If you’re ever tempted to think that Rome’s church government is ancient, consider how much it has always been a work in process (with notable interventions from Trent and Vatican II):
On the Sunday of the Word of God this year, Pope Francis solemnly instituted lectors and catechists. They were drawn from nations around the world. The pope gave to each of the lectors a book of the Scriptures, and to the catechists a cross. There were prayers, and he enjoined these servants of the word to bring the Gospel to the world through their ministry. None of this was truly extraordinary, however. What made the event historic was that, for the first time, the rite included women.
It was a long time coming. In 1965, a subcommittee of the Consilium (the body of scholars and churchmen who crafted many of the liturgical reforms after the Second Vatican Council) gathered to study what was then called “minor orders,” including what we now call instituted lectors and acolytes. In Christian antiquity various people held these offices, but gradually they were restricted to seminarians on their way to being ordained to the priesthood. Over time, the priesthood assumed all the roles formerly held by a variety of ministers. The committee acknowledged the possibility of turning the page on this clericalization of ministry, but they did not discuss including women out of deference to those bishops who believed that the minor orders were part of the sacrament of Holy Orders, rendering women ineligible.
Nevertheless, a door was opened by the Consilium’s final report in 1967, which affirmed that the Church has considerable flexibility in reforming the offices below the level of deacon. The minor orders, although rooted in antiquity, can be reconfigured, they argued—some abolished, others added or adapted—to respond to the needs of the Church. The question of who receives them, and whether they are permanent or temporary, was not settled.
By the time of the council, everyone recognized that the Church’s practice of minor orders had become incoherent. The history was venerable, but modern-day seminarians were deriving little benefit from being ordained into these roles. It was more or less a formality they went through, with the rites serving as stepping stones in a cursus honorum that led to priestly ordination—their real goal. They moved through the minor orders quickly, sometimes celebrating two at a time. Some found it embarrassing to receive deputation, in solemn ceremonies, for tasks other people carried out. The role of doorkeeper was, for example, already filled by sacristans and ushers. Altar boys performed the role of acolyte. The priest read the readings at Mass. To be an actual exorcist was an advanced and specialized role quite separate from the “order of exorcist” conferred on them, which really meant nothing. One of the principles of the reform was “truthfulness.” By this canon, the minor orders were failing badly.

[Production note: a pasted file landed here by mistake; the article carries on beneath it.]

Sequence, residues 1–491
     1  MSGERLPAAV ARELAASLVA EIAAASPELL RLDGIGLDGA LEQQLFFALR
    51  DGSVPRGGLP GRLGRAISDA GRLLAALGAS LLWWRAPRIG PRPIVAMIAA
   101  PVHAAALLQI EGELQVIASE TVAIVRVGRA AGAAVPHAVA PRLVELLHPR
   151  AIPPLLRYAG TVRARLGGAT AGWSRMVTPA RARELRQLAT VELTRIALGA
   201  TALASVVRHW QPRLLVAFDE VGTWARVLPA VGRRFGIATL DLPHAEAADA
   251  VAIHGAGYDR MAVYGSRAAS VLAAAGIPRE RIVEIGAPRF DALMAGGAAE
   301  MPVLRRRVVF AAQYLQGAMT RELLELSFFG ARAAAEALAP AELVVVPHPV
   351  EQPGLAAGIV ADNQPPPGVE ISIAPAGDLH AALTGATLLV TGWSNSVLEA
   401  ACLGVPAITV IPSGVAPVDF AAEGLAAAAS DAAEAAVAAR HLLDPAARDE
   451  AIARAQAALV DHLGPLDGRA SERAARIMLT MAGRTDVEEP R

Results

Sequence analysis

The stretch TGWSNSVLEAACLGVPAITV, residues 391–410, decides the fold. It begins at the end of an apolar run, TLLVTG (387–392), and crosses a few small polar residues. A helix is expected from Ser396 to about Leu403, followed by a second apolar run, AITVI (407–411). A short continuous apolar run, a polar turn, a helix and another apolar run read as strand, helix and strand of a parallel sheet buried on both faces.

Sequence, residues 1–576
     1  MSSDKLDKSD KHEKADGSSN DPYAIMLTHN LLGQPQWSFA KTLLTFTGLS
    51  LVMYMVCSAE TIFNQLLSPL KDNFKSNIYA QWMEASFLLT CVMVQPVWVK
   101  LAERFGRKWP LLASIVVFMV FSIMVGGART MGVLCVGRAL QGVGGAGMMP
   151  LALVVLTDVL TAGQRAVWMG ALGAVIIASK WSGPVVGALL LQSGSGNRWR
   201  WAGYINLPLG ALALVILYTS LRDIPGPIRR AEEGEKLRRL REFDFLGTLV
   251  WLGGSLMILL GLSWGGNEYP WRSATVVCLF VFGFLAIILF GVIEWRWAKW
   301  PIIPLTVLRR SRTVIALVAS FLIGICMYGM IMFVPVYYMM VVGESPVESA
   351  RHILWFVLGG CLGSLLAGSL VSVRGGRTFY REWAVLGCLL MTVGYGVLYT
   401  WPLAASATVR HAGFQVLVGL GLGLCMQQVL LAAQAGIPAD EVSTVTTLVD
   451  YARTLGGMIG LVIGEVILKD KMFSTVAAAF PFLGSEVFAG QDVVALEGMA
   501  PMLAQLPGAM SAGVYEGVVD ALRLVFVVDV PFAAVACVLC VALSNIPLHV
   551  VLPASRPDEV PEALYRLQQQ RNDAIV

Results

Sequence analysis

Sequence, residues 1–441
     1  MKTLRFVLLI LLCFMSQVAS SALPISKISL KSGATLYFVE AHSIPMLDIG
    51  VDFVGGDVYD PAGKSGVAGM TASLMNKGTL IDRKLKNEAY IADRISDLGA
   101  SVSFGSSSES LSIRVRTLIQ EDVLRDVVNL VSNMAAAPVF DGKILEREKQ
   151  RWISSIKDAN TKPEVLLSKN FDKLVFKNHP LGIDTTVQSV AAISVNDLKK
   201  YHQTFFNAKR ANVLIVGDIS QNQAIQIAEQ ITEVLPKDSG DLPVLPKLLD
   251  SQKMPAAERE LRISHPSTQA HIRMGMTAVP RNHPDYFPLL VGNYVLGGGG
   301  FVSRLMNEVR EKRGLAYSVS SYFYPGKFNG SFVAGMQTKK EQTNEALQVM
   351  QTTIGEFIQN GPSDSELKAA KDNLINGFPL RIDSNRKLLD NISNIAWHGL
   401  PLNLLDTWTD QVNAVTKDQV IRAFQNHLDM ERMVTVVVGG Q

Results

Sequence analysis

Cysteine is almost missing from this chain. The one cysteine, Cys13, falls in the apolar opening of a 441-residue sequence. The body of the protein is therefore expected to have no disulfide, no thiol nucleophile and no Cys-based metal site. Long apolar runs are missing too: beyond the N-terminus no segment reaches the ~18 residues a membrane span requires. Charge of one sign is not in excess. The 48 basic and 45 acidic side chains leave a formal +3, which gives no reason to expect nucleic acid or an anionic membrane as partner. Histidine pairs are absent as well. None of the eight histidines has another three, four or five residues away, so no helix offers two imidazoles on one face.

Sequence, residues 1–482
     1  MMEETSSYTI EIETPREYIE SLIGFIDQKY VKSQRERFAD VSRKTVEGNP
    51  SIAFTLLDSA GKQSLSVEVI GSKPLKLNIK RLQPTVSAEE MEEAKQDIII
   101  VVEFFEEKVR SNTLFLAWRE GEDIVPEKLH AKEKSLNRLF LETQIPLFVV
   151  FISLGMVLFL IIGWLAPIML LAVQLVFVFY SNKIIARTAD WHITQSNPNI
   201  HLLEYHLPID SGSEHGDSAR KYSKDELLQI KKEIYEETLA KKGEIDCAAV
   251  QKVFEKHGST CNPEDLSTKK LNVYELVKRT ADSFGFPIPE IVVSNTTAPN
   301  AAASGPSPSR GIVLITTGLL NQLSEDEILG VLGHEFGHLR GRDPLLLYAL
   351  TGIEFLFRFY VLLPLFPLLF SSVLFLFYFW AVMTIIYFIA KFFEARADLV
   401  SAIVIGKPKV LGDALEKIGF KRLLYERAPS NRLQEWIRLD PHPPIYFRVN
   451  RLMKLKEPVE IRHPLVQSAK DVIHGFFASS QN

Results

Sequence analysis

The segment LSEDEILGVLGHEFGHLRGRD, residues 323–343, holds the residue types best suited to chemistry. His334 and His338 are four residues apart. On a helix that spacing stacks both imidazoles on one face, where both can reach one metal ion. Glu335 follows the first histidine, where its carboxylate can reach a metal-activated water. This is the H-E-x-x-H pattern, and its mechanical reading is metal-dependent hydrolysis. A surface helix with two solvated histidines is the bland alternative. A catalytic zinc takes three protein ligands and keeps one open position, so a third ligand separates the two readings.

Pope St. Paul VI was interested in keeping the minor orders as a part of seminary formation. His focus was on renewing them and establishing a more coherent plan. Pastoral bishops saw this in a wider frame of reference, however, and had more ambitious goals. They wanted to simplify the preparation for priesthood and render it more realistic, but they also kept an eye on the horizon of lay ministry, which was a growing phenomenon. There was considerable interest, especially in mission dioceses, in strengthening lay ministries and finding ways to bless them. There were requests not only to institute women as lectors and acolytes, but also to consider instituting ministries of catechesis and various forms of pastoral service, which were already being filled successfully by women. There was also the question of allowing lay people to preach and conduct worship services in the absence of a priest. Some kind of blessing for music ministers, such as cantors, psalmists, and organists, was on the wish list too.
The topic of minor orders continued to be discussed among the various dicasteries of the Curia during the period immediately following the council, prompted at times by interventions from local churches and from the pope, but the conversation dragged on without resolution, at least in part because there were so many different discussions going on at the same time. It wasn’t even clear where this topic belonged in the flow chart of the reform: Holy Orders? Baptism? Blessings? Clergy formation? Liturgy? Evangelization and mission? All of the above?
In 1972, Pope Paul VI issued his motu proprio, Ministeria quaedam, which put an end to the discussion. He suppressed the orders of doorkeeper, exorcist, and subdeacon. He changed the terminology of “minor orders” to “ministries” and defined the ministry of lector and acolyte as lay ministries. Following an obscure precedent set by the Council of Trent, he added that “ministries can be entrusted to the lay Christian faithful; accordingly, they do not have to be reserved to candidates for the sacrament of Orders” (MQ III). Nevertheless, he reserved the instituted lay ministries of lector and acolyte to males “according to the venerable tradition of the Church” (MQ VII). . . .